So what would be the attitude of the labour movement, particularly for SENTRO and the social movements that we work with under Kalipunan?1 It is very clear to us that there won’t be a honeymoon period with Marcos. We are preparing everyone to hit the ground running and protest for the people’s rights and welfare from day one of his administration.
How has the Philippines changed under Duterte? How did the six years of his presidency impact society and the political climate?
The past six years have been a disaster for human rights and the labour movement in the Philippines, particularly trade union rights and workers’ rights.
For example, since 2017 the Philippines has been among the top ten worst countries in the world for workers according to the International Trade Union Confederation’s Global Rights Index, and rightly so. Duterte’s bloody war on drugs created a climate of impunity, leading to the killing of more than 50 trade union leaders since 2016. Only one of these murders went to the courts and is still under litigation. Many more cases of trade union killings and what we call “extrajudicial killings” remain to be to be investigated.
That’s the most devastating result of Duterte’s war on drugs, but it’s the other problem that I think will take more time to resolve: it’s not just the human rights crisis, it’s also the fact that our institutions are now very weakened, because Duterte effectively removed almost all the guardrails against an authoritarian leader. He has created a far-more powerful presidency, which will now be inherited by his successor. I think we will continue to feel the impacts of this further weakening of an already weak democratic tradition in the Philippines long after Mr. Duterte steps down.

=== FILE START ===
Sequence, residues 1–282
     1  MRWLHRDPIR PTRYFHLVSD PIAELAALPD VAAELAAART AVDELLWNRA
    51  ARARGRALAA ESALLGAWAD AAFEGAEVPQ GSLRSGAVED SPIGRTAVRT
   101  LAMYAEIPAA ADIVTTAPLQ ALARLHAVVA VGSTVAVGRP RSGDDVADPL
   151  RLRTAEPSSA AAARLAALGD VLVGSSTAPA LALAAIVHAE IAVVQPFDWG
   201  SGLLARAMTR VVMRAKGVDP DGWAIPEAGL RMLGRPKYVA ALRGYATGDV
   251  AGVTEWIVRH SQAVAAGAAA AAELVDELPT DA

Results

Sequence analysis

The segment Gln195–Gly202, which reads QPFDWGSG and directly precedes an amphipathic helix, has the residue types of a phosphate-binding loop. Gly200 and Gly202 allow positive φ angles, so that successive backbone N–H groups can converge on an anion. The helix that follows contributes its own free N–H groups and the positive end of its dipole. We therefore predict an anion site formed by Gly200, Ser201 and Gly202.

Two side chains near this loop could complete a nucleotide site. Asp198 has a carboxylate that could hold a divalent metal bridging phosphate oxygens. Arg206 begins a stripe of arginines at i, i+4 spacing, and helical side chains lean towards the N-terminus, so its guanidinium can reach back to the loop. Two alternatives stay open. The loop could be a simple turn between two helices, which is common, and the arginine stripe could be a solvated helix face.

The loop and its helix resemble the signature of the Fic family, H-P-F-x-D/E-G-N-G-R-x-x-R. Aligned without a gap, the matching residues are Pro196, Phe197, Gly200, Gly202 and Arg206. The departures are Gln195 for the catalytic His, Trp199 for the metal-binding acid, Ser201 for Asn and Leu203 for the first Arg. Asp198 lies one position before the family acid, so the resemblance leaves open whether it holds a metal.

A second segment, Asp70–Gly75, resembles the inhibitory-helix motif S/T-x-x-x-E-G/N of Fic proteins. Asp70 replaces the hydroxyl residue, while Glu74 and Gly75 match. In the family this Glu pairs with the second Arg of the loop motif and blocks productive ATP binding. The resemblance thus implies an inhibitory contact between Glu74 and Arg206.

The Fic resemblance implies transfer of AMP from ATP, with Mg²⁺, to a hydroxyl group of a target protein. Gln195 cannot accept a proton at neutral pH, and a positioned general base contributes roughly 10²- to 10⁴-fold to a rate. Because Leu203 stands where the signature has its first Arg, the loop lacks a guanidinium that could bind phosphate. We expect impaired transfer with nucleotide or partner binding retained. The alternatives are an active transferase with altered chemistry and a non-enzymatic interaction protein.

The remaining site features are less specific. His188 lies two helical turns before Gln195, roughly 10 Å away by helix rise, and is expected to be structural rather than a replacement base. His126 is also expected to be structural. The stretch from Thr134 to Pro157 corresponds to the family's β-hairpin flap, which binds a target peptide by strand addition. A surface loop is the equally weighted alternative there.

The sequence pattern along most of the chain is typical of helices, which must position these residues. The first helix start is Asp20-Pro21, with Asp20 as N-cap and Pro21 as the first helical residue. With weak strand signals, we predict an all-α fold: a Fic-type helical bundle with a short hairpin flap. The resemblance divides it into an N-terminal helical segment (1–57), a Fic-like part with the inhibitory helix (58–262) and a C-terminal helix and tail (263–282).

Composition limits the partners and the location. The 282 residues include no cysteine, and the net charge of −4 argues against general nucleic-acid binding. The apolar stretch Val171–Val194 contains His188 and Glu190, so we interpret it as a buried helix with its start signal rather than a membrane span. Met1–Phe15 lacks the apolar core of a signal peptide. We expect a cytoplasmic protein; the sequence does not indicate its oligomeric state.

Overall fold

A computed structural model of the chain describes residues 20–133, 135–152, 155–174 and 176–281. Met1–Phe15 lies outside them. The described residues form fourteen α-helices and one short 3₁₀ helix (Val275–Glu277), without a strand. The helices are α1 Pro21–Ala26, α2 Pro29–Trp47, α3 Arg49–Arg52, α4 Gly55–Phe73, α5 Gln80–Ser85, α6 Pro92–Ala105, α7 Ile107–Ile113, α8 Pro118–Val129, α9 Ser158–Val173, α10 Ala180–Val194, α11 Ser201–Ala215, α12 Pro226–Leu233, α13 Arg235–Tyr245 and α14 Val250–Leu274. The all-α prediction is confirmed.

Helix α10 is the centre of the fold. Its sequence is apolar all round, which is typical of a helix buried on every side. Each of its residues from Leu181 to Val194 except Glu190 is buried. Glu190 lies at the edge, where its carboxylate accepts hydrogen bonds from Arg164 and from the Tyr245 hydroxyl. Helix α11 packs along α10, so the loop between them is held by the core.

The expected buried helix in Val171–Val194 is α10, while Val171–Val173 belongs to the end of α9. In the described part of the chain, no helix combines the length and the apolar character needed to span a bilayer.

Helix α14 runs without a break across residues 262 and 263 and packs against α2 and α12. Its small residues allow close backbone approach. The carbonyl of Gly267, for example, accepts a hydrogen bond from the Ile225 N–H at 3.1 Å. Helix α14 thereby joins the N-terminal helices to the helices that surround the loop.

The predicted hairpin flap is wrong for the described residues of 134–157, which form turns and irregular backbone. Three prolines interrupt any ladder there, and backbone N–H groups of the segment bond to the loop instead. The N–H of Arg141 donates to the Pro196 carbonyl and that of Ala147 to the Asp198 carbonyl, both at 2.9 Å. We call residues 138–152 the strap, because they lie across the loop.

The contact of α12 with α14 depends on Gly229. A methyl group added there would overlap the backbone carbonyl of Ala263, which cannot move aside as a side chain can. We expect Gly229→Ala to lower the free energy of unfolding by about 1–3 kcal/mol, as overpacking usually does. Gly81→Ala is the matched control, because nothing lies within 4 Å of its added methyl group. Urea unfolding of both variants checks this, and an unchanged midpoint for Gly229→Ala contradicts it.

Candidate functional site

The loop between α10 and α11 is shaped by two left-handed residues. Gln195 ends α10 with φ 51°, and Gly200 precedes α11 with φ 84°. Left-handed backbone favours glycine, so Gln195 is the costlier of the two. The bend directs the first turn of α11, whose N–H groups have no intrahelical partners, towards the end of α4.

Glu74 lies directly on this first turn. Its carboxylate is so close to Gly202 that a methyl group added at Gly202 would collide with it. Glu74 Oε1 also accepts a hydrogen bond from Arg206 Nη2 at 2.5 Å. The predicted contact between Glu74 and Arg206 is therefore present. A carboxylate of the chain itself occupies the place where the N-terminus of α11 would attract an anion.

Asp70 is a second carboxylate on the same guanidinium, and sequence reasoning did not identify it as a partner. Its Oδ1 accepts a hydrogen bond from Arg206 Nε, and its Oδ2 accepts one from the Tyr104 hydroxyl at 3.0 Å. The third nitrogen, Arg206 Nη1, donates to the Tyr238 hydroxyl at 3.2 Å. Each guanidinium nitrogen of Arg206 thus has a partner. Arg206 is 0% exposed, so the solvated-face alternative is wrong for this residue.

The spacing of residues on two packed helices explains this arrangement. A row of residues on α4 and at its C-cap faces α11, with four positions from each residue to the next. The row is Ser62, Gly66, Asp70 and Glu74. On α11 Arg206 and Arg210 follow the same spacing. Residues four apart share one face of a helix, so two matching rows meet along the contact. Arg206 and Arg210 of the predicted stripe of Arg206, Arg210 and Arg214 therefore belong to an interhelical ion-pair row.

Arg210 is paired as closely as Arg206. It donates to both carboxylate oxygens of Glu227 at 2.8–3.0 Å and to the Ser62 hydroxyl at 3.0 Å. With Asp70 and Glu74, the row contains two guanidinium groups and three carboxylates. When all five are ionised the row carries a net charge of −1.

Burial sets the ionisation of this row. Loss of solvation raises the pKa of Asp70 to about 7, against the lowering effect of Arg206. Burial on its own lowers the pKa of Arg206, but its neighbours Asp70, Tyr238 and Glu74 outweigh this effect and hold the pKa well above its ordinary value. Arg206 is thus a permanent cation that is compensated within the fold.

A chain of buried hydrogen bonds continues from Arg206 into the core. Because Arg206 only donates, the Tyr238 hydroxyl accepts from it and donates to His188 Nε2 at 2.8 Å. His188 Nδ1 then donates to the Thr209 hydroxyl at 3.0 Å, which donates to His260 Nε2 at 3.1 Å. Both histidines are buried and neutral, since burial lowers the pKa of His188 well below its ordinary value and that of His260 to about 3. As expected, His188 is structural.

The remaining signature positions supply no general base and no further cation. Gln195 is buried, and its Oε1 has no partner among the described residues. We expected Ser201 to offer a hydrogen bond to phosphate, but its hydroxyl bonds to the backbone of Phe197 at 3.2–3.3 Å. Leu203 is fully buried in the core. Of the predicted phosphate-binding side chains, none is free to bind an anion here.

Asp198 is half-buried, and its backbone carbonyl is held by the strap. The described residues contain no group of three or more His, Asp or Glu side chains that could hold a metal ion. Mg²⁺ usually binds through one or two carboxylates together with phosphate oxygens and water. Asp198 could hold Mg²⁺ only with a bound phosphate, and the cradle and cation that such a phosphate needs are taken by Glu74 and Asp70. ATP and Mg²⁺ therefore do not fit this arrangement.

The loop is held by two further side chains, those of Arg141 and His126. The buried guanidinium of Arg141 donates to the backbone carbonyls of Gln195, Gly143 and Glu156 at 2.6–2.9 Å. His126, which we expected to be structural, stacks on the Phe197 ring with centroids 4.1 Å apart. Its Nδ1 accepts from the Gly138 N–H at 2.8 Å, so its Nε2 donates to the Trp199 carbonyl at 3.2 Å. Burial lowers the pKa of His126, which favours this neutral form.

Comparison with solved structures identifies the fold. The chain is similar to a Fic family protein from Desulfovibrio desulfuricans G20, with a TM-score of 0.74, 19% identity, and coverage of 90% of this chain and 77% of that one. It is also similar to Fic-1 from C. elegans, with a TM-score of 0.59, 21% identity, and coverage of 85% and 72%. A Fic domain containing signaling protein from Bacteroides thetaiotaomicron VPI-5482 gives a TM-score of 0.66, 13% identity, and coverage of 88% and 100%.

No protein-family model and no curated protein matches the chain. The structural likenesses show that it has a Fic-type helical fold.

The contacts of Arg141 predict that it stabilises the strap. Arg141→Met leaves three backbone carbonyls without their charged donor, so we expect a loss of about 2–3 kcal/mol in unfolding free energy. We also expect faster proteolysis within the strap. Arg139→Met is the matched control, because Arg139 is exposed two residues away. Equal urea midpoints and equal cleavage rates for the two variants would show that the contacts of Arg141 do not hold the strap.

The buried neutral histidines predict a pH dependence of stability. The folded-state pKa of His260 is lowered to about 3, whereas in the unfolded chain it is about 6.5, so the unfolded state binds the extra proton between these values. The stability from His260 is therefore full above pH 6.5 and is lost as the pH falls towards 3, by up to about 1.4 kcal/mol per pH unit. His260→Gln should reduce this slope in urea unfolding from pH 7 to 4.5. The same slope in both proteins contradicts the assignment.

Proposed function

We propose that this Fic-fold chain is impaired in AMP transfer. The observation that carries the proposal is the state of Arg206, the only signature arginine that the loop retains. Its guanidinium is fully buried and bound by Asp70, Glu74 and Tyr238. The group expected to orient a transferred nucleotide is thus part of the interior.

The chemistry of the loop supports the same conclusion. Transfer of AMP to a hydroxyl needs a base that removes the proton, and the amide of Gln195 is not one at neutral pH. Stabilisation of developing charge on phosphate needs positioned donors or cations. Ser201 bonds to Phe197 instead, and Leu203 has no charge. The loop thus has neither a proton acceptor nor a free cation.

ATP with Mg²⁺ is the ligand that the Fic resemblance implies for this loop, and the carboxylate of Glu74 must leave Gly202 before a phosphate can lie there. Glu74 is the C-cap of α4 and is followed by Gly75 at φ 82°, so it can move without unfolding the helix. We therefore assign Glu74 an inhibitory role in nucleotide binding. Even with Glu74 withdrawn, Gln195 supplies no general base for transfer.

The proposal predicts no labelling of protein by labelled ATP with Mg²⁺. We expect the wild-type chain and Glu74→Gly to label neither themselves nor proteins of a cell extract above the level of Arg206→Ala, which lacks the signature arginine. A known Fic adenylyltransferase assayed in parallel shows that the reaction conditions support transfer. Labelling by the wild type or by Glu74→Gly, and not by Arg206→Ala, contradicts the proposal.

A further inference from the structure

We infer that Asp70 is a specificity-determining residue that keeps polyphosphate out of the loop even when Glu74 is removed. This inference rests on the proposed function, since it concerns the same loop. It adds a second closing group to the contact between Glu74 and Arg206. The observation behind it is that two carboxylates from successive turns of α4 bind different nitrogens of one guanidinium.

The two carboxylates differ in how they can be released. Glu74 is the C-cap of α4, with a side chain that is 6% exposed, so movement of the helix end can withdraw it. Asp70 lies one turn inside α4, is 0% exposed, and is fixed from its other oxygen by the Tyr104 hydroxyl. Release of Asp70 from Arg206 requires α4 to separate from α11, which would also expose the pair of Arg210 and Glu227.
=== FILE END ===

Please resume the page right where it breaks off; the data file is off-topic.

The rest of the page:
On the other hand, despite the fact that he spent so much energy attacking trade unions, harassing us and other movements, the fact of the matter is his term was also a period in which we passed some significant policy reforms. These include ratification of ILO Convention 151, which was very good for public sector workers, expanded maternity leave, and also legislated the Safe Spaces Act. I don’t think it would be fair for history to credit these to him. The credit should go to the trade union movement and all the other progressive movements and legislators who managed to get things going, despite Duterte’s attacks.
On that note, what about the left wing of the labour movement? Didn’t some parts of the Philippine Left initially express support for Duterte?
That’s a very important question, and I think any discussion about the political situation in the Philippines must address it, controversial as it is. First, let me respond to the first part of your question. If there is a crisis — that is to say, if globalization and neoliberalism are in crisis — then, theoretically, it should present a good opportunity for the Left to put forward its ideas. But the problem is that the Philippine Left itself has been in crisis for quite some time now.